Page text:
Olympic Games Regatta
Lagoa Rodrigo de Freitas, Rio de Janeiro
6-13 August 2016
Another phenomenally successful regatta saw the GB rowing team top the medal table at the Lagoa Stadium in Rio, where twelve Leander athletes won medals, including a first-ever Olympic medal for the GB women’s eight.
The Leander haul saw the club’s tally rise to 123 medals since 1908, and a banner on the clubhouse once again kept Henley residents up-to-date with the ever-increasing total.
Britain’s first rowing medal came in the women’s double scull, where Katherine Grainger and Vicky Thornley confounded their critics with a crew-best performance that earned them the silver medal behind Poland.
Leander’s Vicky Thornley, a 2012 finalist in the women’s eight, and St Andrew’s Katherine Grainger, five-times an Olympian and defending champion in the open women’s double, underperformed at the European Championships earlier in the season. With the crew at risk of disbanding weeks later, their confidence was restored at training camp and they attacked the first 1000m of the final to take control of the race.
It was a courageous effort from Thornley and Grainger and, with 250m to go, it looked like a remarkable gold medal would be their reward. However, Magdalena Fularczyk-Kozlowska and Natalia Madaj were able to produce one last push and edged through to take a narrow victory for Poland.
Thornley added: “I am so thankful to Katherine; she did everything so well in the race. It was a really great race from us and a silver medal is pretty nice I think.”
The next Leander medal came with Alex Gregory, who took his third successive Olympic gold partnering Moe Sbihi, George Nash and Constantine Louloudis in the men’s four.
As predicted GB and Australia were first to show, pulling clear of the field, but Australia upped their rate and drew level at the halfway mark. But the GB men concentrated purely on their own race and executed the plan they had put together with coach Jürgen Grobler, architect of GB success at seven successive Olympic Games.
“I didn’t know what was happening four years ago, this time I knew what was coming. On the start line it was horrible, torturous, but it was our perfect race” said Gregory.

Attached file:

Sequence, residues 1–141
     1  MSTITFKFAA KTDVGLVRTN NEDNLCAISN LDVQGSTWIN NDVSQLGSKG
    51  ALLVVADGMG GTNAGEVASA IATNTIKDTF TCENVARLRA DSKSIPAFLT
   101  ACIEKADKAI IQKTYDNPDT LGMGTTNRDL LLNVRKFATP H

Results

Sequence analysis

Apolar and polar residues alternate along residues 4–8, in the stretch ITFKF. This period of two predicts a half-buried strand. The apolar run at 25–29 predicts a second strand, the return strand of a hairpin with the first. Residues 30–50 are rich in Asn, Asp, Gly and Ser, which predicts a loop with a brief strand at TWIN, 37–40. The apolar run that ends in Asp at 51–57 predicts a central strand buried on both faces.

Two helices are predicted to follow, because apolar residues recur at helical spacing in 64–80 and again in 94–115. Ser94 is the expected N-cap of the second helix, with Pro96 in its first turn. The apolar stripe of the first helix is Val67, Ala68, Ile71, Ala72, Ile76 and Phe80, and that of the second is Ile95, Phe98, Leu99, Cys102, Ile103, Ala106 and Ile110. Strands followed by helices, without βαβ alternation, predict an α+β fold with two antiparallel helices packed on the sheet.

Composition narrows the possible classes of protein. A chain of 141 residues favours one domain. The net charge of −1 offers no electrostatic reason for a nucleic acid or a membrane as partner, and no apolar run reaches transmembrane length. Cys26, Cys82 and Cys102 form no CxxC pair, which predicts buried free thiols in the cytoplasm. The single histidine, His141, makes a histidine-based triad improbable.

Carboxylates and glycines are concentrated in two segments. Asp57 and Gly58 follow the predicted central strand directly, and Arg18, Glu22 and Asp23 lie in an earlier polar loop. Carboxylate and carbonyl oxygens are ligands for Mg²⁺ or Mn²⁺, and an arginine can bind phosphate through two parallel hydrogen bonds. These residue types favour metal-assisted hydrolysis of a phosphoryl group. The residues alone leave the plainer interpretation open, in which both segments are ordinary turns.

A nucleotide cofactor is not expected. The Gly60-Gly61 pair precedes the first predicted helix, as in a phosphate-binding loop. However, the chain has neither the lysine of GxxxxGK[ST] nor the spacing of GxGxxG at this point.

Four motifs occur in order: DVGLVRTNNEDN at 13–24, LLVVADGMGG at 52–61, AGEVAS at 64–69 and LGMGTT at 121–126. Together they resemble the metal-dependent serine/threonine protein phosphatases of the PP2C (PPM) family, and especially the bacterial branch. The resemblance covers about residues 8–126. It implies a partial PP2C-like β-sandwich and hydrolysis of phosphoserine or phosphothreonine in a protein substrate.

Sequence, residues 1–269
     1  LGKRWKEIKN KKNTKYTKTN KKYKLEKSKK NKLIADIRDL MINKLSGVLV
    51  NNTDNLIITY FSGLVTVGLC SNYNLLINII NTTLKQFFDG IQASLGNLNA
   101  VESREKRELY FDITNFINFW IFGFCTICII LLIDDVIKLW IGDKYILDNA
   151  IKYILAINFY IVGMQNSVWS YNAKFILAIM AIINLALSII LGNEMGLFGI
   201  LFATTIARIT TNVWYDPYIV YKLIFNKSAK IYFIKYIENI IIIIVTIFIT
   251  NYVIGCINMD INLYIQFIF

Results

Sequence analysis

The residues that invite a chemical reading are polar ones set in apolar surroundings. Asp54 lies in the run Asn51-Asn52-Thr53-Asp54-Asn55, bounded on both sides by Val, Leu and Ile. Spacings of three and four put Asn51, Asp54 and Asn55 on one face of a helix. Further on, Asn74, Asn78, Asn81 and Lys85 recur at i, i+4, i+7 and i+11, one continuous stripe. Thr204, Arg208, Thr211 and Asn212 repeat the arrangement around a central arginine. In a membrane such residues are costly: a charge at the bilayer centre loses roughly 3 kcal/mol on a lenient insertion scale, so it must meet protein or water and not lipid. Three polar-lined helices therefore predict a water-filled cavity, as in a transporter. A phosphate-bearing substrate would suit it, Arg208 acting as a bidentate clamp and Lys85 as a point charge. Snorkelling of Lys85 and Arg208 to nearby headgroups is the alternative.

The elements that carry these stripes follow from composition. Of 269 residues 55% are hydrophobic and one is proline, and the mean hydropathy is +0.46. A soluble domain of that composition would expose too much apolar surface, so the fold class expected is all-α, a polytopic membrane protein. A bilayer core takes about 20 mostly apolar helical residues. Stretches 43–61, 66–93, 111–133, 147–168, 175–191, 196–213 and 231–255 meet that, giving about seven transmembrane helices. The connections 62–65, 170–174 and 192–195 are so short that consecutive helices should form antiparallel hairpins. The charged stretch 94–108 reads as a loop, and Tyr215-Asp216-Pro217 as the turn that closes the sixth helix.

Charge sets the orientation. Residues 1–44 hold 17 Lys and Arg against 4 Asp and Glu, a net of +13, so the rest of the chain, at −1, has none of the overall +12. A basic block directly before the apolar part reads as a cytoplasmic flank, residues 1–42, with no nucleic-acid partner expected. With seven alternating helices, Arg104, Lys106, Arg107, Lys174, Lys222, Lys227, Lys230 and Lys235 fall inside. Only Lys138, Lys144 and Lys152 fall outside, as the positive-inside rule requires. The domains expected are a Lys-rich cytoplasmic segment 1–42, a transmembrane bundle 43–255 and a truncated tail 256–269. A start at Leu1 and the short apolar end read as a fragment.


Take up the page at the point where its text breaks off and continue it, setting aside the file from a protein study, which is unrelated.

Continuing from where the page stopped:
“You don’t count the wins in the past, you always look to the next one. It was a fantastic race. They executed the plan to the tee” said proud coach Grobler.
After winning the Europeans gold in May the GB women’s eight demonstrated their medal-winning potential with an impressive victory in their heat, and lined up for the final alongside the USA, bidding for their third successive Olympic title.
With Canada making the early running the GB eight were at the back of the field after 500m, and remained in sixth place at the halfway stage.
But with total belief in themselves the eight began to cut through the field and, following a sensational third 500m, they had surged up to second place and were closing on the all-conquering United States at the front.
“With 500m to go I thought we were going to win. I just absolutely believed in every single stroke that we had what it took. The silver medal is incredible – these girls are strong, they’re sassy, they’re inspirational and I’m just so happy to row with them” said Polly Swann afterwards.
The men’s eight brought the regatta to its conclusion by winning GB’s first Olympic gold medal in this boat class since the Sydney Games sixteen years earlier.
A powerful heats victory showed they were very much back to their best and they built on that in the final by completely dominating the race from start to finish.
Stroke man Will Satch called for a big push in the second quarter and his crew-mates responded, pounding out a fierce rhythm to move clear of the chasing pack.
Germany and the Netherlands tried to respond but the British eight were able to rise to their challenge and went on to win in convincing style.
Pete Reed now joins the list of GB legends after his third successive Olympic gold medal.
“It has been a massive fight, not just in the last couple of hours, it’s been going on for months and years. We fight tooth and nail and credit to Germany and the Netherlands for making it so hard” he said.
“For us in GB we are such a strong team, having people coming up behind us and pushing us, having two double Olympic Champions in the crew. These are all the things that can come together and on race day we got to do it” added Satch.
Jack Beaumont, Sam Townsend, Angus Groom and Pete Lambert had a roller-coaster ten days lead-in to Rio with bow man Beaumont flying out to replace the poorly Graeme Thomas and Lambert moving up the boat to the stroke seat.
With such a late change to their crew it was perhaps no surprise that the four men missed qualification from their heat, earning themselves a place in the final via the repechages.
Drawn in a top quality field the GB quartet were right in the mix at the 500m mark and were moving well. Germany and Australia made the mid-race pace but Beaumont, Townsend, Groom and Lambert continued to battle away, eventually crossing the line in fifth place, matching the quad’s finish from London 2012.